When it comes to showmanship, the late-model owners and their flashy engine compartments often take the trophy for best engine compartment at the show. Many late-model owners who are considering showing their cars have custom paint and perhaps aftermarket hoods, but their engine compartments are far from show-winning. Sure, theyre clean, and they more than likely have some go-fast goodies under there, but the detailing and eye-catching visuals usually fall short. The good news is, we can help you fix this. The bad news is, it can become expensive (depending on how far you decide to go), not to mention time-consuming. The work you are about to see here took the better part of three weeks.
To perform the job correctly the first time, you should either strip the engine down to the long-block (remove the intake, the exhaust, and the accessories) or remove the engine completely. Since we were replacing our 114,000-mile original (with a blown head gasket) with a 347ci stroker from Panhandle Performance, it was the perfect time to clean and detail the engine compartment. At the same time, we dressed up our new powerplant to match.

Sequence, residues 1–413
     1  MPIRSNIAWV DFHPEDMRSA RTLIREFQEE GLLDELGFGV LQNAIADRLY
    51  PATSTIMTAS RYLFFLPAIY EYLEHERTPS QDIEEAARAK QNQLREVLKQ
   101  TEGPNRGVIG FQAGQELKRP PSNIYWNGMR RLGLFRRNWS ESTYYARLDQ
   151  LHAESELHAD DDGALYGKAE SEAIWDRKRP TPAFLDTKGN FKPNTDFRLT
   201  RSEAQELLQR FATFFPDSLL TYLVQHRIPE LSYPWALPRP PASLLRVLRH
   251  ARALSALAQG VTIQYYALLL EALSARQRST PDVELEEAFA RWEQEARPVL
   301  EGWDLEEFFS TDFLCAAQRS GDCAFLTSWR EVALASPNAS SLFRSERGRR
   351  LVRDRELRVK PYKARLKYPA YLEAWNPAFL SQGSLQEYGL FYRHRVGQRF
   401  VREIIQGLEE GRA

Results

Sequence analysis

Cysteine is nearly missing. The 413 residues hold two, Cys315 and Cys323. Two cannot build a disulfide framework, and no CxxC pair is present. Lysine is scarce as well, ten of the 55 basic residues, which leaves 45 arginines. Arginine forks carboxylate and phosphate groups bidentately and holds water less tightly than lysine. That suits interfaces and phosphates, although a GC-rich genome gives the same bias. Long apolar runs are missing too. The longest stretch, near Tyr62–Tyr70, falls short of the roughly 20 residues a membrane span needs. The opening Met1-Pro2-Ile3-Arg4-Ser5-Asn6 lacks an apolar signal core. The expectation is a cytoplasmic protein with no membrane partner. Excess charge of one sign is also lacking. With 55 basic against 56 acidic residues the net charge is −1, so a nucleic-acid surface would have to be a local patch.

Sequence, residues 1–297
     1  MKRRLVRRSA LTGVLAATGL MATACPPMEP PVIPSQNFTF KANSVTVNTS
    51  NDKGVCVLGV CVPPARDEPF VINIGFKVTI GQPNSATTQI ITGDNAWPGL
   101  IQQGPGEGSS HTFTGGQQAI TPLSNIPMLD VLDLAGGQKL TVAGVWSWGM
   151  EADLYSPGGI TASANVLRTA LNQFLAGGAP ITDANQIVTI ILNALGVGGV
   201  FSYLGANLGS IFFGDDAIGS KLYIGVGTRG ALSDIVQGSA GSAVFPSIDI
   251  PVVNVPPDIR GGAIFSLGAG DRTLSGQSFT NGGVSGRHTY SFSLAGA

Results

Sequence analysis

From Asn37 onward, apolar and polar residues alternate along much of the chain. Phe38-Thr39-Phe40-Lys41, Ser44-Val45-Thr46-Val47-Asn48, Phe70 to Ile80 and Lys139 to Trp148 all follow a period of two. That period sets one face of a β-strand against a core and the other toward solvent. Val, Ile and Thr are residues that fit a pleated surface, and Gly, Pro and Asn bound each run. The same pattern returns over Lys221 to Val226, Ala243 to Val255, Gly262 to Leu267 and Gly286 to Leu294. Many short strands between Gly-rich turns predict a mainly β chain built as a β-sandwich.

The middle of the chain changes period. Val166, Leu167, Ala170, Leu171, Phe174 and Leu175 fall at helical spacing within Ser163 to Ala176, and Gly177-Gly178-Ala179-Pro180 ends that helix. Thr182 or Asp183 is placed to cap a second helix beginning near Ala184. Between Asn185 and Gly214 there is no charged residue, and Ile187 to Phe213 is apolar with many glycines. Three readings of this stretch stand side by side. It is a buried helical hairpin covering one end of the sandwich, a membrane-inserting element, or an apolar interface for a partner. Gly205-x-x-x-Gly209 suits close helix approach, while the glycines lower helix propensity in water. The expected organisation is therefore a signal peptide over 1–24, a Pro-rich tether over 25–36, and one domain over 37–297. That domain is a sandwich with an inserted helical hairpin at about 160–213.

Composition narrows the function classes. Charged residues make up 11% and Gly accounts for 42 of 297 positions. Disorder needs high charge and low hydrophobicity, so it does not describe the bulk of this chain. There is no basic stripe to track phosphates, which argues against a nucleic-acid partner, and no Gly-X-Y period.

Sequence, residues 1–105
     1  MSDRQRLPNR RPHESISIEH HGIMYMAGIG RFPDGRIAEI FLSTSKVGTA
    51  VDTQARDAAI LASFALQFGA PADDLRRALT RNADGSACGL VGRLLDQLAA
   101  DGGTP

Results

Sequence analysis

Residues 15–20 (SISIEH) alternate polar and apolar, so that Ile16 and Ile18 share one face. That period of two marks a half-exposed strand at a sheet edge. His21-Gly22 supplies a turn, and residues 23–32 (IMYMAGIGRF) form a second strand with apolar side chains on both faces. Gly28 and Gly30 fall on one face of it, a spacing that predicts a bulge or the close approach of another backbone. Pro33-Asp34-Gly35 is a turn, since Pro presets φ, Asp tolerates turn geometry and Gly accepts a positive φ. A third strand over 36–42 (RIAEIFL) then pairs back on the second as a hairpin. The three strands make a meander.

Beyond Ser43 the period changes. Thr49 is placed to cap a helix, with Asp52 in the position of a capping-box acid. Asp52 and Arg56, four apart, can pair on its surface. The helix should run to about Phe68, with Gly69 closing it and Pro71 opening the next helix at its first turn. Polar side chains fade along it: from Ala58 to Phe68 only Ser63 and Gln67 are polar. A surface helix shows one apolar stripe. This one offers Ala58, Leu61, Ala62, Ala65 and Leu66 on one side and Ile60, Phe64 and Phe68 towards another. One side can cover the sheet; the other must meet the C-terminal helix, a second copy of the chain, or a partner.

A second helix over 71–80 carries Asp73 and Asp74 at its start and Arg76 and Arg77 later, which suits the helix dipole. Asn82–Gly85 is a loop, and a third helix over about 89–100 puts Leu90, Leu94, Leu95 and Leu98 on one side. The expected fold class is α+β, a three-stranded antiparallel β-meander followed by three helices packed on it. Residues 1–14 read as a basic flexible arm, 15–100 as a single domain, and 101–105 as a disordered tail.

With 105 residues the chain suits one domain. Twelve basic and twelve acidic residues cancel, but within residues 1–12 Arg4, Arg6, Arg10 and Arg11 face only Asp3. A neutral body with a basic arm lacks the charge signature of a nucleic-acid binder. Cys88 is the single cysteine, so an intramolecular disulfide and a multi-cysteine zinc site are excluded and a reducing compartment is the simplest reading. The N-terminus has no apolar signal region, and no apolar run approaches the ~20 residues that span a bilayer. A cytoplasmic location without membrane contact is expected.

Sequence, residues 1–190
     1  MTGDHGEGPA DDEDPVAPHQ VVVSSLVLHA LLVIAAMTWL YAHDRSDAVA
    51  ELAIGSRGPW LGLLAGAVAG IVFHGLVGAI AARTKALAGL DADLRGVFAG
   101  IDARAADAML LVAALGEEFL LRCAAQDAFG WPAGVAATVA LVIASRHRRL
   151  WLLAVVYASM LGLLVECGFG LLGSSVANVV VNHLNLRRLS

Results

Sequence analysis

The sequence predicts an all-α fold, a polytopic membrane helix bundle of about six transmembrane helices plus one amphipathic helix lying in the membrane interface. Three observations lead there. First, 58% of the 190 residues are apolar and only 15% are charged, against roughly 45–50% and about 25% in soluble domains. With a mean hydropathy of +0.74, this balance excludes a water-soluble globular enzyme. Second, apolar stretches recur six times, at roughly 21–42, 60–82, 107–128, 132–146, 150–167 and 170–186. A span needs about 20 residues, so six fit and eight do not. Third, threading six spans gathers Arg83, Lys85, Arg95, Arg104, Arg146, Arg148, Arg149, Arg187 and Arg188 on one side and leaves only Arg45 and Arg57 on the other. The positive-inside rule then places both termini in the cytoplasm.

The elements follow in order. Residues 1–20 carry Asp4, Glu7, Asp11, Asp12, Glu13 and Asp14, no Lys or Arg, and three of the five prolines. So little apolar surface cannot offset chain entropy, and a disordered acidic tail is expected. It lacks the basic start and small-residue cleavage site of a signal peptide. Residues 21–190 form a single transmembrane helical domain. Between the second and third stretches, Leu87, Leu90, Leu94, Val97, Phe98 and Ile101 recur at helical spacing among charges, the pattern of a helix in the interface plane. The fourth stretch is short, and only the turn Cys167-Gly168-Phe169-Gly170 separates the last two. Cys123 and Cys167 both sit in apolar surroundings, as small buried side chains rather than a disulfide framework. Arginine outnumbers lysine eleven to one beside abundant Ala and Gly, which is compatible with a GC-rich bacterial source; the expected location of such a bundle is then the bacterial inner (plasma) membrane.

Since our project car is dark burgundy with gray-and-black interior, we decided to continue the color scheme throughout the engine bay and onto the engine itself. Luckily, the engine was already painted gray when we received it, so we had to worry about only the items we were going to transfer from the old engine to the new one. We chose to work with Year One, Summit Racing, and a host of other parts providers to gather up all the shiny new baubles that would turn our engine compartment into a show winner.
Check out the sidebars below for the full story.